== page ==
Measuring Success and the American Dream

Mike Schoultz
3 min readApr 12, 2020

Measuring success in the American Dream.

I have never met a man so ignorant that I couldn’t learn something from him.

–Galileo Galilei

What’s your dream? Are you thinking of measuring success? Would you sacrifice what you already have?

Here is a very interesting story about how we should think of measuring success … will it change your life?

From a different perspective, see our article on differences in perception.

An American businessman was standing at the pier of a small coastal Mexican village when a small boat with just one fisherman docked. Inside the small boat were several large yellowfin tuna. The American complimented the Mexican on the quality of his fish.

How long did it take you to catch them?” the American asked.

Only a little while“, the Mexican replied.

Why don’t you stay out longer and catch more fish?” the American then asked.

I have enough to support my family’s immediate needs“, the Mexican said.

But” the American then asked, “What do you do with the rest of your time?

The Mexican fisherman said: “I sleep late, fish a little, play with my children, take a siesta with my wife, Maria, stroll into the village each evening where I sip wine and play guitar with my amigos. I have a full and busy life, senor.”

The American scoffed: “I am a Harvard MBA and could help you. You should spend more time fishing and with the proceeds, you could buy a bigger boat and, with the proceeds from the bigger boat, you could buy several boats. Eventually, you would have a fleet of fishing boats. Instead of selling your catch to a middleman, you would sell directly to the consumers, eventually opening your own can factory. You would control the product, processing, and distribution. You would need to leave this small coastal fishing village and move to Mexico City, then LA and eventually NYC where you will run your expanding enterprise.”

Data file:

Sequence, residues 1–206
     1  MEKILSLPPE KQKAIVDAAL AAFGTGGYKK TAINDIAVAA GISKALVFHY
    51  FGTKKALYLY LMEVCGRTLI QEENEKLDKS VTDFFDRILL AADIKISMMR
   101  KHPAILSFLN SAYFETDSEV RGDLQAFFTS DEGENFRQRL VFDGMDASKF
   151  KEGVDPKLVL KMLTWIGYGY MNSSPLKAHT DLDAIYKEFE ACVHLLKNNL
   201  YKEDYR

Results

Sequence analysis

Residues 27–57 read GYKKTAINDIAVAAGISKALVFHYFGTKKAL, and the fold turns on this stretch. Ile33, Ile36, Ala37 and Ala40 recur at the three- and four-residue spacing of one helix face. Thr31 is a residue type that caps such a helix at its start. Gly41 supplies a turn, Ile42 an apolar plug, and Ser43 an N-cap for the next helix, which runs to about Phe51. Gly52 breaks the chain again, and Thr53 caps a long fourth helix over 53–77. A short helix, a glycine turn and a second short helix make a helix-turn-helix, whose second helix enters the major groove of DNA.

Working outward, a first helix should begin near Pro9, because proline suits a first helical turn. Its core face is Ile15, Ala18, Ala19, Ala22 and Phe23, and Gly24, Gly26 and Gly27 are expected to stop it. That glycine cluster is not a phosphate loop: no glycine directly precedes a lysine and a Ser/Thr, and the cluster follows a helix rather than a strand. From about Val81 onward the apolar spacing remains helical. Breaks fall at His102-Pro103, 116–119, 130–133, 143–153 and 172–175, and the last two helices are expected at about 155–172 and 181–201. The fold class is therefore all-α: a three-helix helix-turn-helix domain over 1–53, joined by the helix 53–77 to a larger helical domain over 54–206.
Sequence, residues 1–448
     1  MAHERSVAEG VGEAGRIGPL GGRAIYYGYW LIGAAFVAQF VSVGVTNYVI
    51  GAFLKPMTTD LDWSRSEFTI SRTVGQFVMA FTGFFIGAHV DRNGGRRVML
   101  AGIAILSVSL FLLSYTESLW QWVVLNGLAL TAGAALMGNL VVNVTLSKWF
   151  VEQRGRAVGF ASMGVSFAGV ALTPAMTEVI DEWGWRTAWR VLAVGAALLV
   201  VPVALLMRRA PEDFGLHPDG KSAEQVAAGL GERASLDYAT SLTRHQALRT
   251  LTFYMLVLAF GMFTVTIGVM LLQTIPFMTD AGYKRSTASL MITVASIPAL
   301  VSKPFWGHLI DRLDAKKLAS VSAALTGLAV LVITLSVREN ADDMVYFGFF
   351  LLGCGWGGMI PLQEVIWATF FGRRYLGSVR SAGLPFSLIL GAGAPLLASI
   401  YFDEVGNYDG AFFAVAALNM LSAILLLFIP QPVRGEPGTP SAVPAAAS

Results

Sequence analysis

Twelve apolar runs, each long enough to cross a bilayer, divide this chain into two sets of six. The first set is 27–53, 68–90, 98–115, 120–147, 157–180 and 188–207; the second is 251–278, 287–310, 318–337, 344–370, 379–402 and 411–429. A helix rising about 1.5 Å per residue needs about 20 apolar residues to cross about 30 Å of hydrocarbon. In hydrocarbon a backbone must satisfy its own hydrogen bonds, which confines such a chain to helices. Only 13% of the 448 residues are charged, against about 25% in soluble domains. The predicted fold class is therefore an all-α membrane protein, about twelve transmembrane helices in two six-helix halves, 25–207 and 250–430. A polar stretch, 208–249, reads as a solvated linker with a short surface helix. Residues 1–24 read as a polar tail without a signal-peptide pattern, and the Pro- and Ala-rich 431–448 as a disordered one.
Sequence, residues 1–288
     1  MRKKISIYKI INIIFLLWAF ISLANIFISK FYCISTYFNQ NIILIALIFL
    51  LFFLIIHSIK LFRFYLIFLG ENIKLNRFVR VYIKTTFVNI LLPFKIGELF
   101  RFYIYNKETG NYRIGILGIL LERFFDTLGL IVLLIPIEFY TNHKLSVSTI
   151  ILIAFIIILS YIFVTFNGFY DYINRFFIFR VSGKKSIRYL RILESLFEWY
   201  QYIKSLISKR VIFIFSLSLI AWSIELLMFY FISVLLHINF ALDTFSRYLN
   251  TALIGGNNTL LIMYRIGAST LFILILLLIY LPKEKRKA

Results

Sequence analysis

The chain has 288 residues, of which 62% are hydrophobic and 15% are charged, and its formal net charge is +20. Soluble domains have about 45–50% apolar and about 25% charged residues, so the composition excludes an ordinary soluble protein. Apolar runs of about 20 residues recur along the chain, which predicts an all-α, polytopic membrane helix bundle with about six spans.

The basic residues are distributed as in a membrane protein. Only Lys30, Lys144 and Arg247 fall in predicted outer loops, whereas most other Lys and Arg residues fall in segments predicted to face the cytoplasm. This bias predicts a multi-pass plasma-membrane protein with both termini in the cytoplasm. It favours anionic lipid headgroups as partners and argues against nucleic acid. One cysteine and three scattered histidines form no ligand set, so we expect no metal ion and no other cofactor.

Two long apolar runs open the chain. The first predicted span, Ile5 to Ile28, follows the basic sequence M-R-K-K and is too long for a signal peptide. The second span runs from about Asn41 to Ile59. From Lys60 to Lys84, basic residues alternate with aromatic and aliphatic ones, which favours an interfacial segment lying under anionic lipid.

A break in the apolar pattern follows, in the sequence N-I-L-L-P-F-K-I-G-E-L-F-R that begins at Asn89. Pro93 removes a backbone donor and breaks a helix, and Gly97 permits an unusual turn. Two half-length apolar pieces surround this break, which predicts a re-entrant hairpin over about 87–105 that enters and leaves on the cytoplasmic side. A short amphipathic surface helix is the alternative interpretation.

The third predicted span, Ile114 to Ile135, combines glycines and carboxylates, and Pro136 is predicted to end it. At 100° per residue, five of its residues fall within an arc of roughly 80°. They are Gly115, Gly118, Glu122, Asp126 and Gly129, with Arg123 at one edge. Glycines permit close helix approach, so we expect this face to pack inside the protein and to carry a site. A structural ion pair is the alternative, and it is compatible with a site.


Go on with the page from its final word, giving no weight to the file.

The Mexican fisherman asked: “But senor, how long will this all take?”

To which the American replied: “15–20 years.”

But what then, senor?”

The American laughed and said: “That’s the best part. When the time is right, you would announce an IPO — an Initial Public Offering — and sell your company stock to the public and become very rich. You would make millions.

Millions, senor? Then what?

The American said slowly: “Then you would retire. Move to a small coastal fishing village where you would sleep late, fish a little, play with your kids, take a siesta with your wife, stroll to the village in the evenings where you could sip wine and play your guitar with your amigos…”

Key takeaways

So, how do you measure success? Is it a whole life measurement? Do you have a story to share with this community on how you measure success?



Mike Schoultz

Mike Schoultz writes about improving the performance of business. Bookmark his blog for stories and articles.